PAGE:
When Should You Consider Senior Assisted Living For A Parent With Dementia?

Caring for an aging parent isn't simple. The task becomes even harder if your parent is suffering from dementia. Caring for someone with dementia takes a lot of work. Even patients with mild cases of dementia often need the assistance of a home health care worker on a daily basis. But, what if you can't afford home health care and your living situation has become extremely stressful? It may be time to consider moving your parent to a senior assisted living facility that can provide around-the-clock care. In fact, if your loved one displays any of these signs, it's probably time that you seriously consider how a senior assisted living facility would benefit your parent.


People with dementia tend to wander away from home, and often become disoriented enough that they can't find their way back. As the disease progresses, the risk posed by wandering becomes greater. It's common for people in the later stages of dementia to need constant supervision, and even if you're home with your loved one every day, there's still a chance that your parent could leave your home while you're asleep or even in the restroom. Moving your parent to a senior assisted living facility decreased the risk of your parent getting lost because the facilities are staffed around the clock, and often have a security system in place for patients prone to wandering.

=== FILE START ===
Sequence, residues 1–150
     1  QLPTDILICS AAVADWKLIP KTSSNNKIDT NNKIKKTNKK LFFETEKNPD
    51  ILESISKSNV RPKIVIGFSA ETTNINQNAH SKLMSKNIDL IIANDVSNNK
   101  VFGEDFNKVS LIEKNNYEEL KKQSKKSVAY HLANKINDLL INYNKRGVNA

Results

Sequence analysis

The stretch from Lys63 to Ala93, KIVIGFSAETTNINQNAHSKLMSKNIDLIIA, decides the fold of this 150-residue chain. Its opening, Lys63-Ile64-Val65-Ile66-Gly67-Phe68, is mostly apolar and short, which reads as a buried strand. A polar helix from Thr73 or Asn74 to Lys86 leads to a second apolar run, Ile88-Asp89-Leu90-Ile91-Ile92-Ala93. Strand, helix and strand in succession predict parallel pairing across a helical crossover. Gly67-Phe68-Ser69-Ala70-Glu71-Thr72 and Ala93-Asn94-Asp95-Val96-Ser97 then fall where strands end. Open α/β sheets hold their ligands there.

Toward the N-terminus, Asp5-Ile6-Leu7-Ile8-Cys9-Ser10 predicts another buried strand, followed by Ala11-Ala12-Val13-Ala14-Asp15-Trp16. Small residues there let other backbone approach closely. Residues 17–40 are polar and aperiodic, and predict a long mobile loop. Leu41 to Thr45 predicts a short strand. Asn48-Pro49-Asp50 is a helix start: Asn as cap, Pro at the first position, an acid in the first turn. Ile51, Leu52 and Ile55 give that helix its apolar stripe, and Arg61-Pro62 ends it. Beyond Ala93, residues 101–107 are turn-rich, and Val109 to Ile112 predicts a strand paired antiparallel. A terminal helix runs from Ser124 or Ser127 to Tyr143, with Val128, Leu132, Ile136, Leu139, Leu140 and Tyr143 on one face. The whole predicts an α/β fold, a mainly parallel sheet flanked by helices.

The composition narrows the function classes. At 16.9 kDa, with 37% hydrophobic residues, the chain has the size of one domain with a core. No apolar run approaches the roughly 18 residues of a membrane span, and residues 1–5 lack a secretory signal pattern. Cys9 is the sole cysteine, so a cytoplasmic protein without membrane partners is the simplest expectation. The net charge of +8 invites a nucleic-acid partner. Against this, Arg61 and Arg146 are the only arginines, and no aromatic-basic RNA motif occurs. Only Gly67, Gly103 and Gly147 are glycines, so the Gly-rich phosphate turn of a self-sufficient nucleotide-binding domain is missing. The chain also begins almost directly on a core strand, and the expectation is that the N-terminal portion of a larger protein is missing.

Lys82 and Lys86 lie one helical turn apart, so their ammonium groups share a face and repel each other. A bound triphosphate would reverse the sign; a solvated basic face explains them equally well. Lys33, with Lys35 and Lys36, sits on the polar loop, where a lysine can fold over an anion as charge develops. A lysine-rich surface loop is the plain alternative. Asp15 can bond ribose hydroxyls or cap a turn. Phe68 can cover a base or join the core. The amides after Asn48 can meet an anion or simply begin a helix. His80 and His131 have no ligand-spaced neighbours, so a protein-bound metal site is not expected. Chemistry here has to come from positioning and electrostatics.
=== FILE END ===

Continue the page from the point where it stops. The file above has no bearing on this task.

Mood Swings

It's common for people with dementia, especially those with Alzheimer's Disease, to experience mood swings. In fact, people with dementia may even become aggressive, particularly if they have trouble communicating. Environmental factors, such as facing large crowds, being surrounded by unfamiliar people, feeling lost, or hearing too much noise, can also cause those with dementia to become aggressive. If your parent's aggressive state is causing a lot of disruption to your regular family routine, it's time to consider moving your parent to a senior assisted living facility.

Home Safety

As your parent's disease progresses your home may become an unsafe environment. In order to determine whether or not your home is a safe place for your loved one, you need to consider several factors, including:

  • Will your loved one try to cook without supervision?
  • Does your house have stairs that could cause your loved one to fall?
  • Does your shower have a safety bar, place to sit, and anti-slip mat?
  • Does your loved one have access to dangerous objects, such as knives, scissors, or tools?
  • Are there any weapons in your home?
  • Are all medications kept in a locked drawer or cabinet?
  • Does your home have any tripping hazards?

If your home isn't properly equipped, an assisted living facility may be the best place for your parent, practically speaking.

Making the decision to move your parent into a senior assisted living facility isn't easy. However, people in advanced stages of dementia often need the additional care that such a facility can provide. Ultimately, the decision is yours to make. However, if your home is no longer safe, your parent has the tendency to wander, or your loved one has become too aggressive, choosing a senior assisted living facility will benefit your family immensely. For more information, contact a facility like Alpine Manor Home For Adults.